News isn’t the same type of good as a sandwich or a shirt. When you eat a sandwich, or wear a shirt, no one else eat that sandwich nor wear that shirt. When you read the news, you don’t use it up or prevent others from using it. News is experiential — you don’t “own” the news until you read or look at it. News is used by experiencing it, which doesn’t stop others from experiencing it, but can lead to information cascades, where a story “goes viral,” because users can be experiencing the news simultaneously. The ease with which news can go viral also explains why people will pay for trusted filters or agents, whether these are editors or algorithms, as they use the news.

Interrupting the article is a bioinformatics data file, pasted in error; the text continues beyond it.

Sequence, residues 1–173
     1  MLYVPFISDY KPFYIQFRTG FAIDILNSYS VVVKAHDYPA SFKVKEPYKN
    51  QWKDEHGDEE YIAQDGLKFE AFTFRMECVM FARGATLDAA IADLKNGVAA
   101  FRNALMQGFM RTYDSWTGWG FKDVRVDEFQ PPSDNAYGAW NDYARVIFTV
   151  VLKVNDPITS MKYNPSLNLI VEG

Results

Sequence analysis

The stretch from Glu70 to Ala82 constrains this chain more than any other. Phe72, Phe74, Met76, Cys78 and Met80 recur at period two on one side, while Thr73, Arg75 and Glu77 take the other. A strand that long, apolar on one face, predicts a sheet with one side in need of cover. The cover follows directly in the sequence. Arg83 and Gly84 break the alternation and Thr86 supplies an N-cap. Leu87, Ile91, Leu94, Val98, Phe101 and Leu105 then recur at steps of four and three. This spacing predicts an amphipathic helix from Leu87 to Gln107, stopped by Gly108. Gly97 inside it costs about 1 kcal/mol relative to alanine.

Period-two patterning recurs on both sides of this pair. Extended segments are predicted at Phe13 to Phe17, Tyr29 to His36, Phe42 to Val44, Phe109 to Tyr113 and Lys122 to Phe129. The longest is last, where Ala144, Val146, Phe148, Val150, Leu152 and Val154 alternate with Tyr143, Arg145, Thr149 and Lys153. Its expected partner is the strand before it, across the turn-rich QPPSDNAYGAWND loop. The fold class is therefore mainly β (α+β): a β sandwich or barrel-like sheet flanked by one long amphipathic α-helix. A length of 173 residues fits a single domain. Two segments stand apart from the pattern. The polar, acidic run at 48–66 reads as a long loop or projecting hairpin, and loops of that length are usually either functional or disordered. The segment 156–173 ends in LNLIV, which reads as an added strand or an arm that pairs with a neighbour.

The news that journalists create is also a differentiated good that varies in length, style, accuracy, and so on. This will be important in explaining the difference between amateurs and professionals, and how businesses charge for news. News is what economists refer to an “information good” and a public good, because of this experiential quality.
The old five W’s of reporting were: who, what, when, where, and what. For the journalist, publisher, blogger, editor, and advertising professional today, that is a naïve view. News is a product. Economics can track what news get covered and what doesn’t, but it can’t evaluate whether that is good or bad. That should be part of the responsibilities of the press, and certainly should be part of any 5th estate.